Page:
Having the correct diet is 50% of successful weight training. You will benefit simply from training alone, of course, but if you want to make the best progress – either as a bodybuilder, power lifter or dedicated weight trainer – you need to get your diet in order.
This article looks at a simple way to calculate your macro (protein, carbohydrate and fat) requirements so that you make the best progress you can. Be aware that this is just a starting point and as you progress and gain more experience you may need to tweak it a bit.
Calculate Your TEE
First of all, head over to my BMR Calculator, enter your stats and make a note of the last number (Total Energy Expenditure or TEE) it specifies. Or, for a more accurate way to calculate your TEE, check out my post here.
If you eat to your TEE your weight should remain stable. If that’s your goal, take this as your base figure.
If you’re trying to gain weight, add 200-500 calories to your TEE.
If you’re trying to lose weight, subtract 200-500 calories from your TEE.
The ranges of 200-500 calories added or subtracted, above, will determine how quickly you want to gain or lose weight but be aware that these things are generally better done slowly, so 300 might be a good starting figure.
Either way, you should end up with a target TEE to take to the next section.
The amount of protein you need is hotly disputed. One particular scientific study suggests that anything over 0.8g of protein per lb of body weight is a waste of time. Anecdotal eviece from bodybuilders suggests that 1.0g of protein (or more) per lb of body weight is the way to go.
So let’s split the difference and go for 0.9g protein per lb of body weight (0.41g per kg bodyweight).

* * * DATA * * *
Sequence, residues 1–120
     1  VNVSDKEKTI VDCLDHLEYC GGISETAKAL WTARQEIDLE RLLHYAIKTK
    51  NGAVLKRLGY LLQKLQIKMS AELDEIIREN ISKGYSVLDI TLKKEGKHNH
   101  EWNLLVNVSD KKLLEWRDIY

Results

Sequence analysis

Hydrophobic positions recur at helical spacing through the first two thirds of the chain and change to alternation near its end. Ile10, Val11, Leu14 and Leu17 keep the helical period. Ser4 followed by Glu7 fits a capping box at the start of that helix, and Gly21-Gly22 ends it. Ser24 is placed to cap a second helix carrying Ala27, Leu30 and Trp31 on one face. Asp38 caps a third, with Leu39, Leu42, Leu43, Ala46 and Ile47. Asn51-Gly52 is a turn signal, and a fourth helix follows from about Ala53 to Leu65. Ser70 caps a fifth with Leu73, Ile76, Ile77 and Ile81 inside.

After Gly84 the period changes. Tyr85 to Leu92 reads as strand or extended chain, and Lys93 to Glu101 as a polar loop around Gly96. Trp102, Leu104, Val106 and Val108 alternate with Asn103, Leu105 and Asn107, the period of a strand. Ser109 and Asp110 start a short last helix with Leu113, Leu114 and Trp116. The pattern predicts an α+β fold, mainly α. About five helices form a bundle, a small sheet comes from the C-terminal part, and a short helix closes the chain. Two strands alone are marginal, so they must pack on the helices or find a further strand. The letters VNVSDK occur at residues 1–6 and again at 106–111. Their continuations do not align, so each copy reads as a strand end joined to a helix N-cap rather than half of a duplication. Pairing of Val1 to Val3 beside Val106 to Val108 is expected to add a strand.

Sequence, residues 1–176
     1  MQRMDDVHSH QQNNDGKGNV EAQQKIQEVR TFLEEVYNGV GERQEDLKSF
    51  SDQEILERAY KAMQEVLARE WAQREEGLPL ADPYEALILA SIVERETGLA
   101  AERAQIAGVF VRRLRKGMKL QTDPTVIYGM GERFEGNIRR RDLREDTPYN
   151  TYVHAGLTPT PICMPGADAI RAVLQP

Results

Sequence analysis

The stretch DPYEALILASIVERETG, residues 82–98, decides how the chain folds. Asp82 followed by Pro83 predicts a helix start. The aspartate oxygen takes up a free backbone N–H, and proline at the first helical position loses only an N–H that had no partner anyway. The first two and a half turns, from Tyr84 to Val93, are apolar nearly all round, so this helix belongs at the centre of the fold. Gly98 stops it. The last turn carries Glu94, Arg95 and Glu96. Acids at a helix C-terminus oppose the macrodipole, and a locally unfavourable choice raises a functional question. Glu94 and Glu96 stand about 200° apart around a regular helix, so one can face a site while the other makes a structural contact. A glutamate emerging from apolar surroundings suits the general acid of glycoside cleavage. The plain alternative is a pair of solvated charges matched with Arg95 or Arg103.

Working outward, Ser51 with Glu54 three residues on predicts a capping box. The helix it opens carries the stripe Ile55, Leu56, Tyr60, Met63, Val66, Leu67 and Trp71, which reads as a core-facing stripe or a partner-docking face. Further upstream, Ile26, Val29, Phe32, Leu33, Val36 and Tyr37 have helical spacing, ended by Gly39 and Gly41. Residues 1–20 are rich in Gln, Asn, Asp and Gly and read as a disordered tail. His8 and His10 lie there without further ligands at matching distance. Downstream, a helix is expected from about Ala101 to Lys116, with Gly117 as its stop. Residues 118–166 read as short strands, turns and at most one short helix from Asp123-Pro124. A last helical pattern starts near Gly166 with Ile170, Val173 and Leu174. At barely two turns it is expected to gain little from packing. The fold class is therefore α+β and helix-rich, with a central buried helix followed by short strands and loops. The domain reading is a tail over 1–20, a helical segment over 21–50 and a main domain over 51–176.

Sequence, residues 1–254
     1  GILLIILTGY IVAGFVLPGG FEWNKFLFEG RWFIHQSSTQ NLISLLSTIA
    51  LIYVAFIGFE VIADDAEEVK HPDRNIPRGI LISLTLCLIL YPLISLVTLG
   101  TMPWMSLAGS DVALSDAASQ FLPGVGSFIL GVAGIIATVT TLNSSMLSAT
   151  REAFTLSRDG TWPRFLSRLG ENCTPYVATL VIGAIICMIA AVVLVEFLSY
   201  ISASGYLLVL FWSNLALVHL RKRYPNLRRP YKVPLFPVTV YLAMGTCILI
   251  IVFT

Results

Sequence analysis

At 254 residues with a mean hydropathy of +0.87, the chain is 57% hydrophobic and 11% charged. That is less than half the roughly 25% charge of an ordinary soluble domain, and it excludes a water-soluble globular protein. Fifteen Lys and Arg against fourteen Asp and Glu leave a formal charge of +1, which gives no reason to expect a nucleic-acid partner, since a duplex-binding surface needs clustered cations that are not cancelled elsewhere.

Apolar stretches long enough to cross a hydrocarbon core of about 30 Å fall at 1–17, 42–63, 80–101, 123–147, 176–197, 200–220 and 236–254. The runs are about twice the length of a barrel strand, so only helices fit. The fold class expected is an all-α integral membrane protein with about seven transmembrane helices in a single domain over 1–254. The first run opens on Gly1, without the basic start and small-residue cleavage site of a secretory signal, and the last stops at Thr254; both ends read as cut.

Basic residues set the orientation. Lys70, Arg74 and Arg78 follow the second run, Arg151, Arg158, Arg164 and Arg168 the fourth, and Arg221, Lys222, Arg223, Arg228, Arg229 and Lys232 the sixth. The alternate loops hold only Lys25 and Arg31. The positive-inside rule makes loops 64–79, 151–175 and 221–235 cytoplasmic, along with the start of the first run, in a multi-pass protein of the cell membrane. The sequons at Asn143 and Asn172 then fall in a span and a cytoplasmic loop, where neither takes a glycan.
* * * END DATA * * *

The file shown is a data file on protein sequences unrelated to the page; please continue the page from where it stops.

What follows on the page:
So multiply your body weight (in lbs) by 0.9 to get the amount of protein you need per day.
Let’s say you weigh 200lbs, this would mean you need 200 x 0.9 = 180g of protein per day.
Each gram of protein constitutes 4 calories, so if you multiply 180 by 4 you get 720 calories, which is the amount of calories of protein you need to eat each day.
Subtract this from your TEE. So if your TEE was 2400 calories, take 720 off it to leave 1680 calories to be carried forward to the next section.
Like protein, the exact amount of fat you need is often disputed but 0.4g per lb of body weight is a reasonable starting point.
So multiply your body weight (in lbs) by 0.4 to get the amount of fat you need per day.
Let’s say you weigh 200lbs, this would mean you need 200 x 0.4 = 80g of fat per day.
Each gram of fat constitutes 9 calories, so if you multiply 80 by 9 you get 720 calories, which is the amount of calories of fat you need to eat each day.
Subtract this from the figure you brought forward from the protein calculation above. So if that figure was 1680 calories (as in our example), take 720 off it to leave 960 calories to be carried forward to the next section.
The number of calories of cabohydrates you need to eat is just what’s left, which is 960 calories in our example.
Divide this number by 4 to convert it to grams. In our example that’s 960/4 = 240g of carbohydrate.
The above presents a simply way to calculate your macro requirements. Within that, you still need to make sure you’re getting enough fiber, vitamins and minerals.
Furthermore, when it comes to your protein requirements, get as much of it as you can from real food. Only use protein supplements as a last resort.